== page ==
Farmers may soon have the ability to evaluate participation in emerging voluntary agricultural ecosystem credit markets, which could provide payments based on such outcomes as improving water quality or increasing soil carbon.
However, the markets continue to develop, so farmers may be better off spending the near term becoming more knowledgeable about the details of any opportunities, according to Lauren Lurkins, Illinois Farm Bureau director of environmental policy.
Lurkins joined American Farm Bureau Federation economist Shelby Myers and Indiana farmer Brent Bible for a panel discussion during the virtual AFBF Annual Convention.
“While these markets are still evolving, they provide opportunities for agriculture. We also see opportunities for government agencies to work together, so we can get everyone on the same page,” said Lurkins.
Ag ecosystem credit markets could provide a voluntary incentive. Farmers who want to earn money by selling credits in the markets will likely be asked to opt into data monitoring and measurement agreements. USDA’s Commodity Credit Corporation and several companies will buy the credits, including Bayer, Nutrien, Indigo, Nori and Hudson Carbon.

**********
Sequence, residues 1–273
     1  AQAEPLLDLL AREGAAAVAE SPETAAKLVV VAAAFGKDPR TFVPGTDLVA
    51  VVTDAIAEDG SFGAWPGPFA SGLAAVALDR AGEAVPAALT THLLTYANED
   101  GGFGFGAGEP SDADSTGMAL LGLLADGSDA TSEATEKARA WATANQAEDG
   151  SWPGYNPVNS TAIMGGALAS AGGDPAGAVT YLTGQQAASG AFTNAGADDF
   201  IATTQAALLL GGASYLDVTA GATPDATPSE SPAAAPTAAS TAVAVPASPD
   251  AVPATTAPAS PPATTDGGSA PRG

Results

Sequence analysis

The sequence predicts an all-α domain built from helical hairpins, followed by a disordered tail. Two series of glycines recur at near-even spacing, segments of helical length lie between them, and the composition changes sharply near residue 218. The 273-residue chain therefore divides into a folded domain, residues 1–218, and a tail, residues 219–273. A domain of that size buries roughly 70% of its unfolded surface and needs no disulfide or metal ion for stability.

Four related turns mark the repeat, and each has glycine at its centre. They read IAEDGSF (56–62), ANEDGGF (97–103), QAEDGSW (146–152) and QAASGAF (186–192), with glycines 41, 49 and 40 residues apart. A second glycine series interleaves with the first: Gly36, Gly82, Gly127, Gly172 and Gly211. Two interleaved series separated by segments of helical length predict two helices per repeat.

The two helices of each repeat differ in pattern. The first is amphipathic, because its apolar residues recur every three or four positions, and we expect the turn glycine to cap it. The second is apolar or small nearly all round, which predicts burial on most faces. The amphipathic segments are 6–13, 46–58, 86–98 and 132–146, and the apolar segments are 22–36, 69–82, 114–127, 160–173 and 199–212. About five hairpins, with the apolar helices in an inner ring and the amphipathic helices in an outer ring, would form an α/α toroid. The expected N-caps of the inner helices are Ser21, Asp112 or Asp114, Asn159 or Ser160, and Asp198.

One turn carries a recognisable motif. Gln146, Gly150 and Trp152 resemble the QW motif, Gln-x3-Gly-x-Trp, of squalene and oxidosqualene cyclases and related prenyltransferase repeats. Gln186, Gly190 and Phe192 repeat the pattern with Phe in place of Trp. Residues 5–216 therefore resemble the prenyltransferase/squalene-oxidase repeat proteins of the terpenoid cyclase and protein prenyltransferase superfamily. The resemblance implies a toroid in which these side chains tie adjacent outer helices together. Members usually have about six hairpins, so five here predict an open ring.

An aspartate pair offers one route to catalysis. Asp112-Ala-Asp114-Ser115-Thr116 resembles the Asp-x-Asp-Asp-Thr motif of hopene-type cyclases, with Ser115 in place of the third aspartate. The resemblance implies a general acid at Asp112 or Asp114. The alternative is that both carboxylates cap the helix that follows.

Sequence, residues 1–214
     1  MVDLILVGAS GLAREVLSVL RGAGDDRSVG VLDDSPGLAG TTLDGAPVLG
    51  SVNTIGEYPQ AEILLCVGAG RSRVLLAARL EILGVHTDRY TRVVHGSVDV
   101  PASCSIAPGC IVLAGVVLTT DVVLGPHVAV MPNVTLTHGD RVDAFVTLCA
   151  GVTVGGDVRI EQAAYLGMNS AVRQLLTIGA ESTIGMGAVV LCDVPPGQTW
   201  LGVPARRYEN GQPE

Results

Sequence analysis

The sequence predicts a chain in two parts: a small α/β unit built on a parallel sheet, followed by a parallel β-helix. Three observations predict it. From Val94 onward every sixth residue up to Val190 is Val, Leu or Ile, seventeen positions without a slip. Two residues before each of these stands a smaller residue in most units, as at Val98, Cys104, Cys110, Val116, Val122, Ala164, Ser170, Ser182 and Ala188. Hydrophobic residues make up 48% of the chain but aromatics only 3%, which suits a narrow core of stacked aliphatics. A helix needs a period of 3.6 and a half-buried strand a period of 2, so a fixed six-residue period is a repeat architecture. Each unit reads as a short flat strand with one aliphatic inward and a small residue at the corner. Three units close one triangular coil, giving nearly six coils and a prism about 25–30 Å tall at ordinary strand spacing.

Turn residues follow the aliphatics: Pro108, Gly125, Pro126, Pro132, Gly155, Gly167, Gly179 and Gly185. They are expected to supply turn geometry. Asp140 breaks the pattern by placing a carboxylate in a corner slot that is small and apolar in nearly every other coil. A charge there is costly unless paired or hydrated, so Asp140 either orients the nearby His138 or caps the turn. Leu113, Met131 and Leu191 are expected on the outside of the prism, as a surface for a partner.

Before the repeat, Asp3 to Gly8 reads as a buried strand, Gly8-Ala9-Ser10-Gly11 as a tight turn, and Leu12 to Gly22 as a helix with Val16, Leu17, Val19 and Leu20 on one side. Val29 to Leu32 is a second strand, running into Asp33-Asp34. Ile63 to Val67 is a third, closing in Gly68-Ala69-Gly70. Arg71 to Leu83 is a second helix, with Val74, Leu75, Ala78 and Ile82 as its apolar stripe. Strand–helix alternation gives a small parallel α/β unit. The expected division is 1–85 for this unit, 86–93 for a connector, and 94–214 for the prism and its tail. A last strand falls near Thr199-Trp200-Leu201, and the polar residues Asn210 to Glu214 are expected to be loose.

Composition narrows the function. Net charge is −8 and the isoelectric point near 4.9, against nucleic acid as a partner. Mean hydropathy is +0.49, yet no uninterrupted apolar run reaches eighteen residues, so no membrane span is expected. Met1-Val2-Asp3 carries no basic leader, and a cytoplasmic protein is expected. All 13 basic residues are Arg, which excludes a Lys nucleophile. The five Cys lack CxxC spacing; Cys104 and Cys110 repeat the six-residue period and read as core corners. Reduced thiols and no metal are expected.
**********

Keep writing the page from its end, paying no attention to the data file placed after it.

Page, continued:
Payments are typically based on outcomes, such as increases in soil carbon. Common practices include diversifying cover crops, reducing tillage or fertilizer use, and diversifying crop rotation. Myers noted AFBF has provided input regarding the markets to ensure they are voluntary and practical for farmers.
While farmers could earn income through the markets, Bible and Lurkins cautioned farmers to make sure they understand all details before entering into any programs.
“One of the barriers is the cost of implementation to make changes in your operation. You also have to be comfortable partnering with a third party. The contracts typically cover multiple years, up to 10 years,” said Bible, who raises corn and soybeans in west-central Indiana. “My mentor once advised me to walk slow and drink lots of water. So, take your time. Look at the opportunity, what you’re being asked to do and what you’ll receive in return.”
Lurkins echoed Bible’s advice. She noted that the opportunities may end up being more standardized or transparent.